Here's why this is so important - so many of you have terrible or irrelevant headshots on your websites and social media pages. From bad selfies to portraits that suggest you handed one of your kids the camera and even stunning portraits of you staring down the lens barrel - very few of them show your love for the craft, or at the very least, you in action...as a PHOTOGRAPHER and ARTIST.
My suggestion has always been a side shot of you with a camera in your hands and in the background just beyond the depth of field, your subject. Use your headshot to convey a great message of what you do for a living. Even great portraits don't demonstrate what you do for a living.
This image of Kay's might not have her subject in view, but what a kick for a client to see how much she loves the craft. And personally, I love the fact that it's black and white - pushing the point of diversity in her creativity a little more.
Now, think about your bio page - your target audience doesn't care what awards you've won, what gear you shoot with, or even how long you studied to be a photographer. They want to know WHY you love being a photographer, and for "Mom," she's looking to see if you can be trusted to capture images of her family the way she sees them. It doesn't matter how many awards you've gotten in print competition through WPPI or PPA - most of you clients don't know what those associations are!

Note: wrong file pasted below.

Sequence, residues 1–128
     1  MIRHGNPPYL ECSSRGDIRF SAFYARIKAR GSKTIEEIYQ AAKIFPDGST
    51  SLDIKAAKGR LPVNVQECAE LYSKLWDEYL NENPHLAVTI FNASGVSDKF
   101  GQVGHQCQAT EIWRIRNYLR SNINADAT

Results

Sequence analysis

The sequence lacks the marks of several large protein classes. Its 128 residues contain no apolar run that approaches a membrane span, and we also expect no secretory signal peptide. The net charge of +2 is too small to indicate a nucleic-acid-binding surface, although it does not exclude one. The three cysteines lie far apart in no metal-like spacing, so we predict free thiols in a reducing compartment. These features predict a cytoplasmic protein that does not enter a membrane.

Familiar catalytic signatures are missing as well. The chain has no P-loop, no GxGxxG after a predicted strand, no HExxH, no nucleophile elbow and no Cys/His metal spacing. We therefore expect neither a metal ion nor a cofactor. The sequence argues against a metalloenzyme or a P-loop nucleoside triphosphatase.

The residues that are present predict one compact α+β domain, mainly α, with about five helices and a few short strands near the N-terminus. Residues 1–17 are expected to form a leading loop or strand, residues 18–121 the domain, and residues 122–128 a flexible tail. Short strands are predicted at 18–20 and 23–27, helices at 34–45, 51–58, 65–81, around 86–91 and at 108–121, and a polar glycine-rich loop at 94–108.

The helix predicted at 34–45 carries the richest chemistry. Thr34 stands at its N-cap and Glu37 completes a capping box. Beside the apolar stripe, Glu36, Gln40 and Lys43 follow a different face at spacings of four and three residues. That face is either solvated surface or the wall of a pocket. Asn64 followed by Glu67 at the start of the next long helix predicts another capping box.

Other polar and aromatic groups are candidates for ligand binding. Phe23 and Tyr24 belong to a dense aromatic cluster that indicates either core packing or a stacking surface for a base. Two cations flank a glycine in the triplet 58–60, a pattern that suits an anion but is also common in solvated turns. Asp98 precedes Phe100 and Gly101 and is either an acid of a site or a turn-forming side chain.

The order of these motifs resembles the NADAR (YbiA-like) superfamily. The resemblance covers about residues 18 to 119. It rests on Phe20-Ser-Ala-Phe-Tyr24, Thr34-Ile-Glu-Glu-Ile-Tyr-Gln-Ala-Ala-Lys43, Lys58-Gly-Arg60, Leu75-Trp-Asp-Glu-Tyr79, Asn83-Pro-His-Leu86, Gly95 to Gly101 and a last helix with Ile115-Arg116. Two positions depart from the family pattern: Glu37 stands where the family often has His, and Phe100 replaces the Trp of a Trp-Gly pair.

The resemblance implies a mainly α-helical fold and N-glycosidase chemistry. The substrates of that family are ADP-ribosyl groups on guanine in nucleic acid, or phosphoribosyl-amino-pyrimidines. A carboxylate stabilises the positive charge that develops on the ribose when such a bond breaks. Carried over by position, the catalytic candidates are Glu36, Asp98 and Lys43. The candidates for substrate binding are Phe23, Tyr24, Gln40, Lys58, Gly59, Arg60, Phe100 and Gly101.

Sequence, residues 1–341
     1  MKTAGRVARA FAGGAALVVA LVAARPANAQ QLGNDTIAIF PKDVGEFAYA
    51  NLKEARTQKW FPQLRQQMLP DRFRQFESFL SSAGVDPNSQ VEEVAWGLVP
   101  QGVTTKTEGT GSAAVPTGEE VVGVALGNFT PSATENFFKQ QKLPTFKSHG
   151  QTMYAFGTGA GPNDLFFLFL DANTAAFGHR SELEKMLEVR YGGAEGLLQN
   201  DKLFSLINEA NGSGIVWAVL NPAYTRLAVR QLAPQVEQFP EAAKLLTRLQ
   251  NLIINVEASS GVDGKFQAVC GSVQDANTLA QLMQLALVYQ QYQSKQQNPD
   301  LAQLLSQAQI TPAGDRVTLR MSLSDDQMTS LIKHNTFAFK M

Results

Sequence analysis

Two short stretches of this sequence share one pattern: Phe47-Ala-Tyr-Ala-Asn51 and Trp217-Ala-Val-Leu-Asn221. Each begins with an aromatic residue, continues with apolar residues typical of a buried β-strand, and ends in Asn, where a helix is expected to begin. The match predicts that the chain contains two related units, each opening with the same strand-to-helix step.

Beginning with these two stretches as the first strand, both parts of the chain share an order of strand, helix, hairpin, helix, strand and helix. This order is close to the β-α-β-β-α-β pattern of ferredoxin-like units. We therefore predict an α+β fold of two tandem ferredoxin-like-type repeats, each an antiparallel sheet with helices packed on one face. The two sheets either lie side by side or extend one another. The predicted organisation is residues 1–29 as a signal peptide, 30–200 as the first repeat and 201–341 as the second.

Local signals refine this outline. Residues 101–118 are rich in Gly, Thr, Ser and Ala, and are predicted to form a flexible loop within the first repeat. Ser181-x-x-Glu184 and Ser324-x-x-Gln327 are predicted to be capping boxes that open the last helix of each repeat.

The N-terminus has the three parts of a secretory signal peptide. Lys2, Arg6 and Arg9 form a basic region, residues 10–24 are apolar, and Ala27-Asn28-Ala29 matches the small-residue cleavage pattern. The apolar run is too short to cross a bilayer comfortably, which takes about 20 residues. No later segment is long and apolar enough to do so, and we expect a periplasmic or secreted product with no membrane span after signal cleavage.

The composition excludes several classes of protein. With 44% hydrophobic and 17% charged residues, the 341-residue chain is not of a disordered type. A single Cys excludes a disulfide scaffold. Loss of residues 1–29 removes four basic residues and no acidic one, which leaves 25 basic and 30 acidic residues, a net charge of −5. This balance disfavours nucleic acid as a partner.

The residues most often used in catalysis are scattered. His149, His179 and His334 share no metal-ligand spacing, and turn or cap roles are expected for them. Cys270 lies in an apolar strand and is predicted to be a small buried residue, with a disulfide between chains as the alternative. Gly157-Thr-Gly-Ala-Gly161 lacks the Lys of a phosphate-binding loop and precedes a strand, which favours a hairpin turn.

So, stop writing long boring bios about your awards, how many cameras you own, or how you got started in this business - cut to the chase and talk about your love for photography and helping clients capture great memories. Then, back it all up with a headshot like Kay's, and you can even add an image of two of you working with a client!
(Also on the list to include is a self-promotional video about you - but we'll save that for another post.)
And to Howard Rosenberg who captured Kay - nicely done! You definitely caught her love for the craft and that signature Eskridge smile. What a kick!
by Skip Cohen
It's Sunday morning, and I'm definitely not in my usual mode of being off the topic of photography.